1.2 Related Work
Several works have already studied differentially private versions of various statistical tasks, especially in the global setting. Both Karwa and Vadhan [20] and Kamath et al. [19]
are relevant, as they consider similar versions of Gaussian estimation under global differential privacy, respectively in the onedimensional and highdimensional cases. For both the known and unknown variance cases,
Karwa and Vadhan [20] offer anaccuracy upper bound for estimating . Our upper and lower bounds thus demonstrate that local privacy adds a roughly accuracy cost for estimating .
In local differential privacy, several recent works have studied related statistical tasks like identity and independence testing [17, 24, 2], albeit restricted to discrete distributions. In concurrent work, Gaboardi et al. [18] also study Gaussian estimation under local differential privacy. They provide an adaptive tworound protocol in the known variance case and an adaptive round protocol in the unknown variance case, where upper bounds both and and both protocols are approximately locally private. In our case, may be as large as , leading to round complexity for their unknown variance protocol.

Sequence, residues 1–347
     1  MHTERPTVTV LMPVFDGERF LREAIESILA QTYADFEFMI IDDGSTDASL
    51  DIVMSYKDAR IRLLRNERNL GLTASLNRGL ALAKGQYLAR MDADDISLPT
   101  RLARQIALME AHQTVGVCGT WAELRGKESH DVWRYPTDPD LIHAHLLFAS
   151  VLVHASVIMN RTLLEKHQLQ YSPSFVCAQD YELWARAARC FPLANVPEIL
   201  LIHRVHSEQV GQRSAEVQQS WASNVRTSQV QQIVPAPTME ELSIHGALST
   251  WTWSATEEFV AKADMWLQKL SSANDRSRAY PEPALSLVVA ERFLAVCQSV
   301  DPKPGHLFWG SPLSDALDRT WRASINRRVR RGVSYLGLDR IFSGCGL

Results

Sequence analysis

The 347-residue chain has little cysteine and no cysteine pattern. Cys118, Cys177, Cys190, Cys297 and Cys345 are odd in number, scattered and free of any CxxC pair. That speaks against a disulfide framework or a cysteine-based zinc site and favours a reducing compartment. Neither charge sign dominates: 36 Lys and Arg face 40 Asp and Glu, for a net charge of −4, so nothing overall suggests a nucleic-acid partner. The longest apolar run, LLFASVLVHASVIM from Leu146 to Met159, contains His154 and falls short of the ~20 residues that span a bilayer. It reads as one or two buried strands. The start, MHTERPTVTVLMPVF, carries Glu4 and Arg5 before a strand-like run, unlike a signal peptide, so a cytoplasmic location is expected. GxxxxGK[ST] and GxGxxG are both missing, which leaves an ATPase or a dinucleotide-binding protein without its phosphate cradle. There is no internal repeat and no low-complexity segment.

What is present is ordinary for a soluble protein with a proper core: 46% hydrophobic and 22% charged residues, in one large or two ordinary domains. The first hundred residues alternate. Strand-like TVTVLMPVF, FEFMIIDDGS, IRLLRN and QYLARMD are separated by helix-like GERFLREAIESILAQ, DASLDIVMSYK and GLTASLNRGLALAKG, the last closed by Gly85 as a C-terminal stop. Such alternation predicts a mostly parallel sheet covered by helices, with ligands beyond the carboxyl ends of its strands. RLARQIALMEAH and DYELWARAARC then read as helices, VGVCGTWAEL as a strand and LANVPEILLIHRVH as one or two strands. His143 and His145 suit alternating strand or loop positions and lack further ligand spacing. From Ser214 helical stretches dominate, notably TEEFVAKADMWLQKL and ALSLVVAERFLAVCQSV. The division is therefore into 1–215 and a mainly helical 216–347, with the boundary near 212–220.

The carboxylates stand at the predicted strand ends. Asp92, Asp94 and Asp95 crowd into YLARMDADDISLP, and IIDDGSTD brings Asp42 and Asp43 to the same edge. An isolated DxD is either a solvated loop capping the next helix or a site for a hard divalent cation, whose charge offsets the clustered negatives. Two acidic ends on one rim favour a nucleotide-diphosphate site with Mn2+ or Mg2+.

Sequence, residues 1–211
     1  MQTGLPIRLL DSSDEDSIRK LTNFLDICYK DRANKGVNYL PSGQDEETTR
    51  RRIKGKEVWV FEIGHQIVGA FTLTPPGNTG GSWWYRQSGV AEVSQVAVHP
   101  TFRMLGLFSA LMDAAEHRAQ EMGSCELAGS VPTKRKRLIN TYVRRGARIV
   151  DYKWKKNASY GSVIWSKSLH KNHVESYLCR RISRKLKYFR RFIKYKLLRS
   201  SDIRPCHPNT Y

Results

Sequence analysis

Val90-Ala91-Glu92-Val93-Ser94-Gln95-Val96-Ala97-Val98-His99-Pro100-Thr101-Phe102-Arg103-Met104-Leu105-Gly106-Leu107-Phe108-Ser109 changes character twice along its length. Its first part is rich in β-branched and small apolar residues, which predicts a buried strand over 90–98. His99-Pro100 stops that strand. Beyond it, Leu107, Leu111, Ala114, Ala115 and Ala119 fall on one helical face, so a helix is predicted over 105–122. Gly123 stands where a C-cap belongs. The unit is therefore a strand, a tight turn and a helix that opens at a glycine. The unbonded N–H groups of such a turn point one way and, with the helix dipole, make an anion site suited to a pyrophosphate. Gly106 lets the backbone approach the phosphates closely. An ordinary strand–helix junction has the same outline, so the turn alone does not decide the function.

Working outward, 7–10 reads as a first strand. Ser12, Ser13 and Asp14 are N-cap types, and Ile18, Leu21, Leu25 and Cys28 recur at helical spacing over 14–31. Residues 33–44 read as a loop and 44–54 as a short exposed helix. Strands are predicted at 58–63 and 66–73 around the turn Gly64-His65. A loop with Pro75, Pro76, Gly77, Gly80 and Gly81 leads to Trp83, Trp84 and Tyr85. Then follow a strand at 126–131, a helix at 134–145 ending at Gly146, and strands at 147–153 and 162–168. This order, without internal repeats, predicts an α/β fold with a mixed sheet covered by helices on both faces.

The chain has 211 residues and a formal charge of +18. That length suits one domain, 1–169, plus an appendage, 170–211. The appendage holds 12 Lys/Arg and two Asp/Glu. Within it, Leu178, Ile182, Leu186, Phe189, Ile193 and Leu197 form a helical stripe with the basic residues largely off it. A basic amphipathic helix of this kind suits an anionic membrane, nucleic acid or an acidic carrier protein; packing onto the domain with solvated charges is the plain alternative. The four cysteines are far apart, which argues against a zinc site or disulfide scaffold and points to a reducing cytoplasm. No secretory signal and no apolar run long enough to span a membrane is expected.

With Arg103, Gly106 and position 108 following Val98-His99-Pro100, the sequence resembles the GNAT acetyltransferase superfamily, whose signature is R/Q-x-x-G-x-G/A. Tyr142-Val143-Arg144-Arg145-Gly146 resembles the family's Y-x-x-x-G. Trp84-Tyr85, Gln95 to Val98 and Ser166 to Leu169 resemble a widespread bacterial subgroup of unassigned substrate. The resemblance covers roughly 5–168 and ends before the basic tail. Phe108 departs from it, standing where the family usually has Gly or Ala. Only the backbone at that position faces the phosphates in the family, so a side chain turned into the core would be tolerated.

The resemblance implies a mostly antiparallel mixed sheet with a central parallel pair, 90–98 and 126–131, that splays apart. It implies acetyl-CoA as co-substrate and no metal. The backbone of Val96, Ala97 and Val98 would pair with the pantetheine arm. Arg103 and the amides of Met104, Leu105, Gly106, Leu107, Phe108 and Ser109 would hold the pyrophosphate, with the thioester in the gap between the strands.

In comparison, we construct adaptive tworound and nonadaptive oneround purely locally private protocols improving on these guarantees for both cases: see Figure 1 for a detailed comparison. Moreover, while Gaboardi et al. [18] prove an lower bound for nonadaptive oneround protocols, we prove a logarithmically weaker but also more general lower bound for adaptive sequentially interactive protocols. Gaboardi et al. [18]
also offer extensions to quantile estimation and estimation when
lacks a known upper bound.Our lower bounds are structurally similar to existing mutual informationbased approaches [12, 5, 25] and build on recent results showing that pure and approximate local differential privacy are “equivalent” [8, 10]. Our lower bound also uses tools from the strong data processing inequality literature [7, 23]; broader application of these techniques to local differential privacy may be of independent interest.